But we’re devoting a whole lot of energy and resources to locating these illegal immigrants and purging them from our community.  Shoot, folks over at Volunteer Voters are barely satisfied with a purge.  They have their guns ready just in case someone needs killing.

America, let me tell you something.  We have a habit of doing shit like this.  In this very state, on this very land.  This is not new.  When we wanted the land and resources of the Cherokee people, we reinterpreted our arrangement with them, rounded them up, and sent them off to some “homeland” out west.

Shoot, on the rare occasion when we freed slaves here in Tennessee, we required them to leave the state when we were done with them, even if Tennessee was the only home they’d ever known, even if their families were here.

And here we go again.  We’ve decided that the Mexicans (and let’s not be coy about who we’re singling out.  There’s a reason TnRIP is all “Nashville or Tijuana?”) have resources that we can justify to ourselves belong rightfully to us, so we’ve decided to change the terms of our agreement (immigrating here illegally used to be like shoplifting once, now we treat it like an ongoing series of armed robberies) in order to relocate them someplace where we can’t hear them when they complain about us stealing their shit and destroying their families.

And shoot, if we can terrorize the Mexicans who are here legally, too, all the better.

“No, Aunt B., it’s not about terrorizing all Mexicans, we swear.”

Oh yeah, how do you suppose we’re going to locate those illegals?  We’re going to tolerate the continual harassment of all Mexicans, that’s how.

I mean, come now.  We all know that 287(g) means that every Hispanic-seeming person who comes to the attention of the police in Davidson County is going to get run through the system.

I could forget my drivers license at home and just be given a ticket.  You can’t tell me Tia B. isn’t going to be taken downtown in case she needs to be deported.  What’s a ten or fifteen minute uncomfortable encounter with the police for me is going to end up being an all day thing for some people.

Keep ’em all afraid and all inconvenienced and maybe they’ll all leave–legal or not–our brown neighbors.  At least, that seems to be the attitude.

And shame on you all for embracing it.

But you know what?  Fuck it.  Kleinheider’s all

However, just because the celebration seems hypocritical, we cannot avoid the fundamental questions that Fortuyn brings up. If he had every right to protect his culture and heritage from demographic annihilation, do we, as Americans, not have that very same right?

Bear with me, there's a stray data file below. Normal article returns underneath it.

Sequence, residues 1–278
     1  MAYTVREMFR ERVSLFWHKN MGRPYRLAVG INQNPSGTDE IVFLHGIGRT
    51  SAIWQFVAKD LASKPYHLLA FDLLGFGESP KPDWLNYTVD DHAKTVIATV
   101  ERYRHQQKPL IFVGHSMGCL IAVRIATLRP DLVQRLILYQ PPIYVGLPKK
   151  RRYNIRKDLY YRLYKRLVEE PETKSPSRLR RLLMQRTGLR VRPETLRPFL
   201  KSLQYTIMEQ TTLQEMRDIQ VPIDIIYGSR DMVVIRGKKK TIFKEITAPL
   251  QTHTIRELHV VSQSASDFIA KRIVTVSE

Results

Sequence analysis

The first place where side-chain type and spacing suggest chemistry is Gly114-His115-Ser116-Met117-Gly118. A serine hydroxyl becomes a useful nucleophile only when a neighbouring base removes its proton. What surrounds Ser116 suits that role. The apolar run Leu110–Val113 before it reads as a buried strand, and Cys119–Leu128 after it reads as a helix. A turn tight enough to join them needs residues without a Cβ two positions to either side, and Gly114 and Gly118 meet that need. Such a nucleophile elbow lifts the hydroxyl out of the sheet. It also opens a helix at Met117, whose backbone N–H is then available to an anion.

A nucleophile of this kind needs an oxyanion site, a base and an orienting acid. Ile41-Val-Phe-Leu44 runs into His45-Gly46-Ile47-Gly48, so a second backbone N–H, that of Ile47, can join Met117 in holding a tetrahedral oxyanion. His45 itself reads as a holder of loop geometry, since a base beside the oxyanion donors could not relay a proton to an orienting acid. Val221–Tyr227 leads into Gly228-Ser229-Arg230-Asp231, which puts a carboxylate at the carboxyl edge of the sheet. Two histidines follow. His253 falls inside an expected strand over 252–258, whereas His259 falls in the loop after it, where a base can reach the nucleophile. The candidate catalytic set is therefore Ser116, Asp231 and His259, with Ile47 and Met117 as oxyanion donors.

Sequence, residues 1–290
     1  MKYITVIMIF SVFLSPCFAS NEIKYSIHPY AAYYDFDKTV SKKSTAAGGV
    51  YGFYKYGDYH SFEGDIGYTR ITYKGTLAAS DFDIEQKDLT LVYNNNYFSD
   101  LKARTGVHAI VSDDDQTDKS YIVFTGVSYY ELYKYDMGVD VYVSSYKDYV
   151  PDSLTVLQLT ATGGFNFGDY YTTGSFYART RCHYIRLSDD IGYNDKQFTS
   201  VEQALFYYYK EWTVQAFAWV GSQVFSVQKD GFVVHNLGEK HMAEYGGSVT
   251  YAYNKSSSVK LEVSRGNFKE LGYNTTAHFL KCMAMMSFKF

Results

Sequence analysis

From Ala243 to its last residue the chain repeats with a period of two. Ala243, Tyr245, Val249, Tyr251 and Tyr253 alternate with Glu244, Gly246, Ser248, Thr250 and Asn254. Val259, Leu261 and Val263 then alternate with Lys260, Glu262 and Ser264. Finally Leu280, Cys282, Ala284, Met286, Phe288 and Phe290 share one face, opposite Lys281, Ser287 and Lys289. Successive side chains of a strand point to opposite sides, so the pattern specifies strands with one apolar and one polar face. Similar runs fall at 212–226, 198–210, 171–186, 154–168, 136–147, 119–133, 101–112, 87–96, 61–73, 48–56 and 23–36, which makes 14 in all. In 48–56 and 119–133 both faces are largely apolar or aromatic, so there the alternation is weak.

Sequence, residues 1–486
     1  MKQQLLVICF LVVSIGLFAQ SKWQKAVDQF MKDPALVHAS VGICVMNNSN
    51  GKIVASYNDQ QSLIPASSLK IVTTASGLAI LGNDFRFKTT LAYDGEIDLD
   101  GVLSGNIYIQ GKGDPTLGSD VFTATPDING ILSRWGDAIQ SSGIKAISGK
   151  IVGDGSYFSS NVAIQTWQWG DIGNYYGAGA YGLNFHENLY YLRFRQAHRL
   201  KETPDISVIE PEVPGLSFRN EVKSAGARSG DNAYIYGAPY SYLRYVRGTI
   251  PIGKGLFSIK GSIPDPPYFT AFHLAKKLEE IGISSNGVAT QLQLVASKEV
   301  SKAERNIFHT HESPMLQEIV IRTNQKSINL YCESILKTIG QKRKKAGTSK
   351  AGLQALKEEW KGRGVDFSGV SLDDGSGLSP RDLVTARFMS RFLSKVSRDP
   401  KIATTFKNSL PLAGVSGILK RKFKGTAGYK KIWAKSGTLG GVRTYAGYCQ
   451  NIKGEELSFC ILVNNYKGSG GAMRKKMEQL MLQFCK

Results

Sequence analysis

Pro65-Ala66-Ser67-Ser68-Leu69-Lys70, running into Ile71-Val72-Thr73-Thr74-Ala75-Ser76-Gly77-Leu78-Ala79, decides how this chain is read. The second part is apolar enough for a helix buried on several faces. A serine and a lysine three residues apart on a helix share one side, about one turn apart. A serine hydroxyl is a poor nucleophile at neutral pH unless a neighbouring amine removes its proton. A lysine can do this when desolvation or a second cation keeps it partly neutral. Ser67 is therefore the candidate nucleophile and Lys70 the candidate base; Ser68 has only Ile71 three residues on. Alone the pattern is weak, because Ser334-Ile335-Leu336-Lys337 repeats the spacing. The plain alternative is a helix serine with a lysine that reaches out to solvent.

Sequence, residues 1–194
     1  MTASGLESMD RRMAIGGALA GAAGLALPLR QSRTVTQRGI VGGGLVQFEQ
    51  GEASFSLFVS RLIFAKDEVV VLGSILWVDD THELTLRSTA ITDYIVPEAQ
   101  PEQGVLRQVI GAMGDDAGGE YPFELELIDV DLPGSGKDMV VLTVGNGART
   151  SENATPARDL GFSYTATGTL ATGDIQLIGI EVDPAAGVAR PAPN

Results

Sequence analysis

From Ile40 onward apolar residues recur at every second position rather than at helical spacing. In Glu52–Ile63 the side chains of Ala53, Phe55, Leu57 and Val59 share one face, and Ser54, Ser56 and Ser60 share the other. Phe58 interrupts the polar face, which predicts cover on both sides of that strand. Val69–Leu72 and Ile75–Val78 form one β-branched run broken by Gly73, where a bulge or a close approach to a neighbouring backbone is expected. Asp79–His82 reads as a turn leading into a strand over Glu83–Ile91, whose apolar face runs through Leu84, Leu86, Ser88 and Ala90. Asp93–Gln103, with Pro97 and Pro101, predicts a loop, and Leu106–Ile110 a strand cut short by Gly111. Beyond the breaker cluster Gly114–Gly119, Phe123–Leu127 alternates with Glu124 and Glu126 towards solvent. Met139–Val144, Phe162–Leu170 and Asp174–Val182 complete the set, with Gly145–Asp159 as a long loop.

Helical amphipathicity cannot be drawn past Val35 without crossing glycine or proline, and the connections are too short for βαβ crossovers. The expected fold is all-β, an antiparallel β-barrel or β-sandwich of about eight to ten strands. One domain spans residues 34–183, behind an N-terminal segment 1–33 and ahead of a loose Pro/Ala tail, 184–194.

Seriously, what’s he complaining about?  Our culture and heritage have a strong strain of forcibly removing non-white people from our midst.  He shouldn’t feel any anxiety.  He should be pleased to see we’re continuing that age-old American tradition of fucking as hard as we can with the weakest and most vulnerable among us.

I mean, shoot, if folks can talk openly about shooting people just because they’ve picked the wrong place to live–in a city in a state in a region that ought to know what happens when folks are talking that way–and not one person calls them on how evil they sound, well, shucks, America, I about don’t know what to say.

I’ll be practicing “Lo siento,” though.

Not by the Hair on my Chinny-Chin-Cin

Okay, gentlemen, I must know–when and if you ever pluck out a single beard hair, how long is the root on it?

Because, I have to tell you, I have a whisker that grows on my chin, which I attempt to pluck the moment I can feel it come to the surface and when I do, the part that is exposed to air is probably no wider than the letter “I” right there, but the part that was beneath the skin is about as long as that letter “I” is tall.

It freaks me right the fuck out.  Why does it have such a deep root?!  My chin doesn’t feel that thick.  I press just a wee bit and I can feel the bone.  Where is all that hair hanging out inside my face?!

Is it like a normal beard whisker, just given to me by some weird curse of genetics or is it some freak of nature both because it’s on my chin and because the root is so huge?

Advise me, boys.

Are We Going to Be The Way We Want the World to Be?

This has been nagging me for days. I guess because it’s come up. Are we going to be the way we want the world to be?

I think this is a tough, tough question for feminists to answer, in part because those of us in the third wave have felt the women of the second wave answer that question, often seemingly, at our expense, “no.”

We’ll talk about equality and sisterhood and treating each other with respect and creating that “good ole girls” network and bringing about a world of equality and social justice for all and to all a good night, but have we ever been worked in more ridiculous ways for longer hours for less pay all while cleaning up their dogs’ poop than at the hands of certain second wavers?

And our excuses, I think, have always been two-fold: 1. that the damage done by the Patriarchy is so great that, even when women start to “come to consciousness,” they are bound to be so fucked up by their experiences that we can’t expect them to always match their personal treatment of others to the big ideas they’re trotting out for the rest of us to live by and 2. that whatever we’re doing at this moment is so fragile that, even if what we’re doing is arguing for greater freedoms in some specific ways, we must be willing to curtail our own freedoms in those same ways in order ensure the survival of that fragile thing.

In other words, we must be willing to sacrifice our own happiness and well-being for the sake of “women everywhere.”

It’s not hard to see how this is the same old bullshit we’re always asked to take on, but wrapped in feminist wrapping paper. Women are always asked to put the well-being of the group ahead of our own well-being, to put the appearance of propriety above our own health and welfare, to leave it to future generations to have it better than we do.